“Because the effects of the laser are cumulative, I’m convinced you could get the same results (with a less-powerful therapeutic laser),” he adds. “But is it practical to spend an hour in a clinical situation? It’s really not.”
Opting for the continuous-wave mode also increases the efficiency of the therapeutic laser, says Robin Downing, DVM, Dipl. AAPM, CVA, CCRP.
When the laser is set to the pulse mode, photons are emitted in short bursts, with slack periods in between. There’s a 50 percent decrease in energy delivered, says Dr. Riegel.
Even superpulsing lasers with a peak power of 20 to 30 watts are “actually delivering energy a very small percentage of the time,” Dr. Riegel writes.
“An analogy is putting a kink in a water hose. Let go of the kink and the flow rate increases temporarily. However the overall amount of water is not increased.”
“We find that continuous wave is the fastest way to achieve the total dose desired,” says Dr. Downing, who owns The Downing Center for Animal Pain Management in Windsor, Colo.
Godbold agrees but acknowledges, “Not everyone who has been intentionally involved with the technology is as convinced as I am that we get as good a response in patients with high-wattage continuous wave vs. multiple-frequency protocols.
“A number of us are pressing for treatment software based on target dose rather than frequency. To me, that’s the logical evolution.”
For now, simple math can determine the optimal dose of laser therapy, based on the area to be treated, the depth and density of the tissue and the number of Joules per second being emitted, experts say. Even coat and skin can be considerations, since dark hair and skin tone can absorb light energy, Downing notes.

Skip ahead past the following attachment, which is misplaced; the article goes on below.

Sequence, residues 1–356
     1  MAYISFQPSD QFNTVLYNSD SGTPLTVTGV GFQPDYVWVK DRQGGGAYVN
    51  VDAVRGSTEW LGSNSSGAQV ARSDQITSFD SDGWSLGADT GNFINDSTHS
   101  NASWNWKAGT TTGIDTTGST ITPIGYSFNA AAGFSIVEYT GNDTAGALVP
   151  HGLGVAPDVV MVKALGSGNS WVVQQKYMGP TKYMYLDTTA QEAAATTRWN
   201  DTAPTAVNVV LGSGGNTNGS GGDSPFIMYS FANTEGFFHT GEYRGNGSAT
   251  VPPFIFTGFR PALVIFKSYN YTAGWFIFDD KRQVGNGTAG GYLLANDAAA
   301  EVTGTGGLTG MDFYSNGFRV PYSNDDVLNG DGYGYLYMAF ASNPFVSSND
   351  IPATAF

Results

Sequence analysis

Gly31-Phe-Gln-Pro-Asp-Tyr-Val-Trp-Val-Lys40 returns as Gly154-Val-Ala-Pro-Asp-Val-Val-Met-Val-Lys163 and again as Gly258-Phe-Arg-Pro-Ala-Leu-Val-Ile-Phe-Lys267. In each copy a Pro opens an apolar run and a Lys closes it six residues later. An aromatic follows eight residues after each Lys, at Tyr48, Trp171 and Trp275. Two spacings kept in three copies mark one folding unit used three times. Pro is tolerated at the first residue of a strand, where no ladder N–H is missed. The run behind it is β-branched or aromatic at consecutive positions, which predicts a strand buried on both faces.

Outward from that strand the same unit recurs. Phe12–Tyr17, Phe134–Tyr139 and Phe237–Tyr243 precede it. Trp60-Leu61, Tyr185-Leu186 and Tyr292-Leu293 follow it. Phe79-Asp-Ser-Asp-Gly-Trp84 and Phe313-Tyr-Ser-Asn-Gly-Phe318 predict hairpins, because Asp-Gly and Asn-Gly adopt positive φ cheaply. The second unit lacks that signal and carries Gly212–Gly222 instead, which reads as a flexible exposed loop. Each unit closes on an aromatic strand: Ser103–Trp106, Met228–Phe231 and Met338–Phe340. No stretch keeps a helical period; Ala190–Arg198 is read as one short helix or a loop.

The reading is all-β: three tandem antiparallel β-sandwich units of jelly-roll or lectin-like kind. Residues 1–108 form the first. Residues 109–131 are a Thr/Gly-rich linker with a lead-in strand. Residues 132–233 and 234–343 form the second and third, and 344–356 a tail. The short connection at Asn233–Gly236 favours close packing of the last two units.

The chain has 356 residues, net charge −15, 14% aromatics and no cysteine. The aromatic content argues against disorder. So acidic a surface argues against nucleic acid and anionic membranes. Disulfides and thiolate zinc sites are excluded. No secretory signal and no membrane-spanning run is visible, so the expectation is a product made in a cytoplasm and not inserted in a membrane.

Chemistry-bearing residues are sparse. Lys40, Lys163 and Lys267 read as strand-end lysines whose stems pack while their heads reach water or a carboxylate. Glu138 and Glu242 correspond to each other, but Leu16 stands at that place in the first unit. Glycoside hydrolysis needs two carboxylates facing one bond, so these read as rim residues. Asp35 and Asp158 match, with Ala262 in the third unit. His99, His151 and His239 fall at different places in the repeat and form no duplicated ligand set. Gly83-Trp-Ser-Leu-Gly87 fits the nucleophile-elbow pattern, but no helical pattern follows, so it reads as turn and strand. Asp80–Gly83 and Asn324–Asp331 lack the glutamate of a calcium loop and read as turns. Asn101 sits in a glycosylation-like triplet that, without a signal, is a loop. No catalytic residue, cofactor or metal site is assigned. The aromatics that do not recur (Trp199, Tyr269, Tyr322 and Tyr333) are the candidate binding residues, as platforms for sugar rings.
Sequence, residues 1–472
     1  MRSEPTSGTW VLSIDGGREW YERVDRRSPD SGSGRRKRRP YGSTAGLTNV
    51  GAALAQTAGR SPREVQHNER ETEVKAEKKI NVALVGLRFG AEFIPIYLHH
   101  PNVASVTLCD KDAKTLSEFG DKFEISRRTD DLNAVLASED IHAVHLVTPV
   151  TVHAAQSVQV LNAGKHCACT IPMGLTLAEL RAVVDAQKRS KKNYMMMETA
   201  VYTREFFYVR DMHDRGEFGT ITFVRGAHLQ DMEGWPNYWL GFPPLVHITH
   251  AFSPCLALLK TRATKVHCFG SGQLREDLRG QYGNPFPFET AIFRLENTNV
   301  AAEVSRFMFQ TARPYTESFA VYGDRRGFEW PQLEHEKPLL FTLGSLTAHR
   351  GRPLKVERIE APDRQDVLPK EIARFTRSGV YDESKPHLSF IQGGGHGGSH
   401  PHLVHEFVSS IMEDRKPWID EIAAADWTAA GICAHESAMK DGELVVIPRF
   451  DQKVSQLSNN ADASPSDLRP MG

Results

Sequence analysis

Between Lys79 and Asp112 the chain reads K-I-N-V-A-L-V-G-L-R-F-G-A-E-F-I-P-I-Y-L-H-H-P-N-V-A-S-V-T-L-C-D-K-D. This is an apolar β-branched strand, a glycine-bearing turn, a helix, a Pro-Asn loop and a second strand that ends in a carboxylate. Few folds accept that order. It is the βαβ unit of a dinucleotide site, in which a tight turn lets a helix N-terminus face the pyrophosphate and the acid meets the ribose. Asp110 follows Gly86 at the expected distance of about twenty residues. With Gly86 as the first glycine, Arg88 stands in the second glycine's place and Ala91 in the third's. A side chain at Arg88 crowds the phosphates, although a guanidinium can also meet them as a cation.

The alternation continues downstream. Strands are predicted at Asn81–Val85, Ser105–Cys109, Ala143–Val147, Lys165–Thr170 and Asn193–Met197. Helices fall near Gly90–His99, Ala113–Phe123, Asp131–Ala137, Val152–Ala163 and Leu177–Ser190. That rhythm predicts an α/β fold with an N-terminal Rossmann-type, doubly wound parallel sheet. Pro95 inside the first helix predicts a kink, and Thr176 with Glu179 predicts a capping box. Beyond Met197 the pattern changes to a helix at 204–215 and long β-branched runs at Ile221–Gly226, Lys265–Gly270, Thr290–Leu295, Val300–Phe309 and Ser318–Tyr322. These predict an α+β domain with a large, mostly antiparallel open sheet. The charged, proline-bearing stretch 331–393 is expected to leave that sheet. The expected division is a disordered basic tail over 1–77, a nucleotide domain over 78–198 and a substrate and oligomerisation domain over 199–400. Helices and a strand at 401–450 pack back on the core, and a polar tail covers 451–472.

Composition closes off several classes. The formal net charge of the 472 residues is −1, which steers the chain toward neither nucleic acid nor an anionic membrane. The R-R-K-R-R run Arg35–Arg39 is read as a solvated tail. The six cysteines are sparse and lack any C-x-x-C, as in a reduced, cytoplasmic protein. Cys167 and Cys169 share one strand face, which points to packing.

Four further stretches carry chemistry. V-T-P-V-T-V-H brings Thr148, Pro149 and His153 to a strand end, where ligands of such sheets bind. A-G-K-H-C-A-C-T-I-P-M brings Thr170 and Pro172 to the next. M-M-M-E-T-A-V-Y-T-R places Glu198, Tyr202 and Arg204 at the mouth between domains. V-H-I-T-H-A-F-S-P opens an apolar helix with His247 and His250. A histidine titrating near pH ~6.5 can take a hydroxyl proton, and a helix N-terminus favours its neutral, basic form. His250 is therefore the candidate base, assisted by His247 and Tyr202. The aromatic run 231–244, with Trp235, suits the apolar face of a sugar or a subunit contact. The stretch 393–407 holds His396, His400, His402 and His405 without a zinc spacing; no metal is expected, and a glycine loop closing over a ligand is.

But practitioners shouldn’t be paralyzed by the inexact nature of applying laser therapy, experts say.
“There are no side effects, so there is really no risk of overtreating,” Riegel says. “In many cases we’ve found that we were not treating aggressively enough.
“We need to use enough energy to increase the respiratory rate of cells and put them into hyperdrive. We’re dealing with cells that are already injured, and we’re looking to initiate this whole biochemical cascade of events.”
When knowledge about the science behind the therapeutic laser combines with the clinical experience of seeing it relieve pain and restore mobility, trepidation often morphs into belief, practitioners say.
“I was the skeptic, and I took a lot of persuading,” Riegel notes. “Basically, through research and experience, I figured out what worked and what didn’t.”
A great agent of change is seeing post-op patients heal faster or chronic arthritic patients move with ease for the first time in years, Godbold says.
He adds that with protocols in place, he enjoys having technicians administer the therapy.
“They are the ones in whose hands the healing takes place,” he notes. “And that generates incredible excitement.”